The Cornell Council for the Arts (CCA) is a university-wide cultural organization that provides a platform for the creation of and public discourse on the contemporary arts on campus. Through our annual grant program, exhibitions, public talks, artist residencies, special projects and student awards, the CCA promotes interdisciplinary, collaborative, and experimental artistic forms in order to inspire innovative and challenging projects by students, faculty, departments and programs from all disciplines.
(Photo: America Project by Paul Vanouse, 2022 Cornell Biennial; Photo by Anson Wigner)
116 W Sibley Hall
Ithaca, NY 14853
The Cornell Council for the Arts has taken many forms since its inception in 1965. In the words of founder James McConkey, the university and its populations in every field “constitute a laboratory affording exceptional experiences through thinking, making and doing;” fostering excellence at every level to be carried outside the walls of the institution to the greater community.
The mission of the Cornell Council for the Arts is to be the conduit for this effort in the creative disciplines, including but not limited to visual arts, performing arts, creative writing and spatial, geographical aesthetics such as architecture and the landscape. It is the job of the Council to insure that these arts and the scholarly activity associated with them are equal partners in the university’s public image, and that the creative products of students and faculty alike are proudly put forward in local, national and international professional arenas.
To that end, the Council is mandated to provide both financial and philosophical support for initiatives that carry the highest innovative, experimental and life-changing potential in the arts, funding such projects through a competitive annual grant process, and initiating programs that encourage interaction with a broad variety of outside entities.
(Photo: BIGSOFTFUNGI by Vivian Lin, CCA Grant Program)
Artistic verve lifts the spirits of the Cornell community as it reverberates across the campus. The vibrant proliferation of color, sounds, moving image, landscape, and built environment infects Big Red classrooms, exhibit halls, gardens, and labs. Imaginative intersections in art, music, performance, and design draw their inspiration from Cornell’s historical commitment to mixing creative inspiration with speculative endeavors in research, design, and pedagogy. The Ithaca campus boasts the world class Herbert F. Johnson Museum of Art, as well as extensive curatorial programs in new media art, hip hop, books, photography, film, fabric, sound, and landscape. What’s more, our internationally lauded centers of research in music, performance, film, writing, and computing infuse creative energy into our leading pedagogical programs across the fields of architecture, design, the fine arts, engineering, and the sciences.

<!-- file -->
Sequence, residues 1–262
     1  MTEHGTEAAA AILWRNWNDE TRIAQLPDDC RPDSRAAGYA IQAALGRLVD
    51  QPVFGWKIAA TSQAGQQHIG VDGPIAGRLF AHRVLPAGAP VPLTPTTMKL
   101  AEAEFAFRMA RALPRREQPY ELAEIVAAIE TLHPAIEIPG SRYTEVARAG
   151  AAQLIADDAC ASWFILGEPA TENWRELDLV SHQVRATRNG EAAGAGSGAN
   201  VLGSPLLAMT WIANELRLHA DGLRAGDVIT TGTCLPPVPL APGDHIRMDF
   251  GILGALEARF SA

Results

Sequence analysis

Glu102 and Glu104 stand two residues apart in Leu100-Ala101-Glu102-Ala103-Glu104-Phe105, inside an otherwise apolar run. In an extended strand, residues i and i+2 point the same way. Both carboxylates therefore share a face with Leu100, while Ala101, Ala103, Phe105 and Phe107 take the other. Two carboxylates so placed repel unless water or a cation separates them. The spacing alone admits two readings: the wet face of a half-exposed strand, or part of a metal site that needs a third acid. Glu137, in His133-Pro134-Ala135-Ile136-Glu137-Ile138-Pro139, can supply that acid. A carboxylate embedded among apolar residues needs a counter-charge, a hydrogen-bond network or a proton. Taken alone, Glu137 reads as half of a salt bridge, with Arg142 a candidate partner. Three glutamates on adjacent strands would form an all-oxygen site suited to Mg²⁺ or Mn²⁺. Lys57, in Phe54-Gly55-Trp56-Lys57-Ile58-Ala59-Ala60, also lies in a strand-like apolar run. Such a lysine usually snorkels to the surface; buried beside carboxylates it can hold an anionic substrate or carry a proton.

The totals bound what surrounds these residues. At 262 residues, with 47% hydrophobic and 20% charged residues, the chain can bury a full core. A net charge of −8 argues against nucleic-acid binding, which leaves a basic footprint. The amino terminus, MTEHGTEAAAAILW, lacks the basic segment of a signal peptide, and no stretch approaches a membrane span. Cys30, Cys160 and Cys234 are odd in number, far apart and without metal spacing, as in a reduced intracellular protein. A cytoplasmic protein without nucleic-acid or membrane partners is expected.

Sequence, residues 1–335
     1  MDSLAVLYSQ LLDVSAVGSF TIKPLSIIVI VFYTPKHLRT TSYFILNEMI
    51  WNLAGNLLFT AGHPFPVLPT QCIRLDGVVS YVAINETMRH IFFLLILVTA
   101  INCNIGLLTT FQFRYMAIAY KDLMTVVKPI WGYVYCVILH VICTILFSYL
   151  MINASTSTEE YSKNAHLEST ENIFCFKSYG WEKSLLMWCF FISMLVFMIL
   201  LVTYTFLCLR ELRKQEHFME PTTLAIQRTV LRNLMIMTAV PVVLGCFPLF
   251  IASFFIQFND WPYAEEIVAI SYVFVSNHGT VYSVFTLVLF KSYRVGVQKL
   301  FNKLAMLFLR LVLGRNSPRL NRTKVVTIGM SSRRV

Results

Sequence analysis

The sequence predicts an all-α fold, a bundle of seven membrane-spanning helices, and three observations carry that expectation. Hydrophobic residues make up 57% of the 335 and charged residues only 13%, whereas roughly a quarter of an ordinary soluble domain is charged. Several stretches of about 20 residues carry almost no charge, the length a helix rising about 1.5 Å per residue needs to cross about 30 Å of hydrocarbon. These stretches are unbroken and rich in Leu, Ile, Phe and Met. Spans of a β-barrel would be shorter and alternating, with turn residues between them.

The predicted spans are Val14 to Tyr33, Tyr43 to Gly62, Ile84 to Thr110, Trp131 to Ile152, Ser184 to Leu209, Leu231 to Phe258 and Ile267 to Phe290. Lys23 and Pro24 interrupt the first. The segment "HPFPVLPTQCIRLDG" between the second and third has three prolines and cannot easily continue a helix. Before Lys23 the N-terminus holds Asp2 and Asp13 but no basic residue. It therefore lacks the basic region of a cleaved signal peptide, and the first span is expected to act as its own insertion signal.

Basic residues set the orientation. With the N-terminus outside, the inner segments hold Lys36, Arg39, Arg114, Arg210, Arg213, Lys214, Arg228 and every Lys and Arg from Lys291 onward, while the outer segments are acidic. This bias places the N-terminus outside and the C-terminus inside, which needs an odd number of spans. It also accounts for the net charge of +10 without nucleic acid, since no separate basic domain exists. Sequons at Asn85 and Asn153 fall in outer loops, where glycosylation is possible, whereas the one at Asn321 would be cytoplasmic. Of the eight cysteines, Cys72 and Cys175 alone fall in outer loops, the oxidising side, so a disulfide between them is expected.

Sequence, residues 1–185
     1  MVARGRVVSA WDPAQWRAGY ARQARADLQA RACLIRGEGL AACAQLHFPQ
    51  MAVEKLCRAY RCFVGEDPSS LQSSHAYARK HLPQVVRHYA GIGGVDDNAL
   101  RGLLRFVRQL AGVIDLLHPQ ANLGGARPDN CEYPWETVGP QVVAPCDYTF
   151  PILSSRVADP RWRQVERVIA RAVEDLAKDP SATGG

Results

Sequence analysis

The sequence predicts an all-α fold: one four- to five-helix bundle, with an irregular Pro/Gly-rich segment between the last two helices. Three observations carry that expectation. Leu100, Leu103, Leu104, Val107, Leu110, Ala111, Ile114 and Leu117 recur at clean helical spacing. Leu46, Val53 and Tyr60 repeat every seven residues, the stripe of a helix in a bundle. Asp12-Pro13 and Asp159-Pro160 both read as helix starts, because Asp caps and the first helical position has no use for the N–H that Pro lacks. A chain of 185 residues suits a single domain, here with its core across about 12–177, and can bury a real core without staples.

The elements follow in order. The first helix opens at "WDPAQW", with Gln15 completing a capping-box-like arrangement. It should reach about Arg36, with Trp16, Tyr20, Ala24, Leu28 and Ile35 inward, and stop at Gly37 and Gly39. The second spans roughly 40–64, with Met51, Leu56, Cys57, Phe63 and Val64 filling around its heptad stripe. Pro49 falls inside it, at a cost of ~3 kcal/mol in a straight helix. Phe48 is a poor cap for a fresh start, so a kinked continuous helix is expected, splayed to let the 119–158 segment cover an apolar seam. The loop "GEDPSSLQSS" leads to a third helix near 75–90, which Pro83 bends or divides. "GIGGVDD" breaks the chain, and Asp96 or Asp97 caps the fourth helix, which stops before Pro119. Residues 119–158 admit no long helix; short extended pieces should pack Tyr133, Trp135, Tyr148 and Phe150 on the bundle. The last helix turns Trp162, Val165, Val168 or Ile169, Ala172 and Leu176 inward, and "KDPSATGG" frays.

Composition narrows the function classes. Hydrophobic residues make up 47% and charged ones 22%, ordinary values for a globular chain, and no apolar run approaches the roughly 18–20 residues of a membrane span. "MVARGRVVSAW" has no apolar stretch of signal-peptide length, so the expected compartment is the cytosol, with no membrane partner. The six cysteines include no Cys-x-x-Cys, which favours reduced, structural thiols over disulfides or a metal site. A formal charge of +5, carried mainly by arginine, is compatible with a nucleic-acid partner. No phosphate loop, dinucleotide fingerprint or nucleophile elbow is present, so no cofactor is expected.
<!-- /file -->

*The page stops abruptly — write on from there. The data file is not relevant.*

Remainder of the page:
Creation, Research, Theory, Design, Pedagogy. These artistic keywords exemplify the fabric of the Cornell Council for the Arts whose mission is to broaden the tapestry of the arts across the Cornell campuses in Ithaca, New York, Rome, and beyond, while expanding the impact and influence of Cornell artistic creativity and research throughout the nation and the globe. CCA’s sponsored projects and its international Cornell Biennial blend traditional strengths in classical practices such as painting, sculpting, composing, writing, acting, and designing with emergent research that brings artistic vision into contact with the latest developments in technology, computing, biology, sustainability, media, and the critical and cultural pathways forged in the humanities and social sciences. Through CCA the arts are networked anew across Cornell and the broader electronic highway. We invite Cornellians to breathe the arts.